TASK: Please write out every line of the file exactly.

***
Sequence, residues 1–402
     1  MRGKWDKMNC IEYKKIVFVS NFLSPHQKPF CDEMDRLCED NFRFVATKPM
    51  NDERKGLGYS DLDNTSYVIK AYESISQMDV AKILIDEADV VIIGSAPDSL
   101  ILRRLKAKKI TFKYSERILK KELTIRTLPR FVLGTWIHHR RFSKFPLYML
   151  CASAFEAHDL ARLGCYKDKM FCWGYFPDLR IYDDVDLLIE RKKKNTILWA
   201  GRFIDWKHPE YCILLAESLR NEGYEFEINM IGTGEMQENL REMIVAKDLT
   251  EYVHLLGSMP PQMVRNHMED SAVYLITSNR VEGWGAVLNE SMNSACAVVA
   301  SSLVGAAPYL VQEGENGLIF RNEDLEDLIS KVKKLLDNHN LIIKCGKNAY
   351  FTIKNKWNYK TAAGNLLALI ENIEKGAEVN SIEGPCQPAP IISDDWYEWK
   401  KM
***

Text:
Sequence, residues 1–402
     1  MRGKWDKMNC IEYKKIVFVS NFLSPHQKPF CDEMDRLCED NFRFVATKPM
    51  NDERKGLGYS DLDNTSYVIK AYESISQMDV AKILIDEADV VIIGSAPDSL
   101  ILRRLKAKKI TFKYSERILK KELTIRTLPR FVLGTWIHHR RFSKFPLYML
   151  CASAFEAHDL ARLGCYKDKM FCWGYFPDLR IYDDVDLLIE RKKKNTILWA
   201  GRFIDWKHPE YCILLAESLR NEGYEFEINM IGTGEMQENL REMIVAKDLT
   251  EYVHLLGSMP PQMVRNHMED SAVYLITSNR VEGWGAVLNE SMNSACAVVA
   301  SSLVGAAPYL VQEGENGLIF RNEDLEDLIS KVKKLLDNHN LIIKCGKNAY
   351  FTIKNKWNYK TAAGNLLALI ENIEKGAEVN SIEGPCQPAP IISDDWYEWK
   401  KM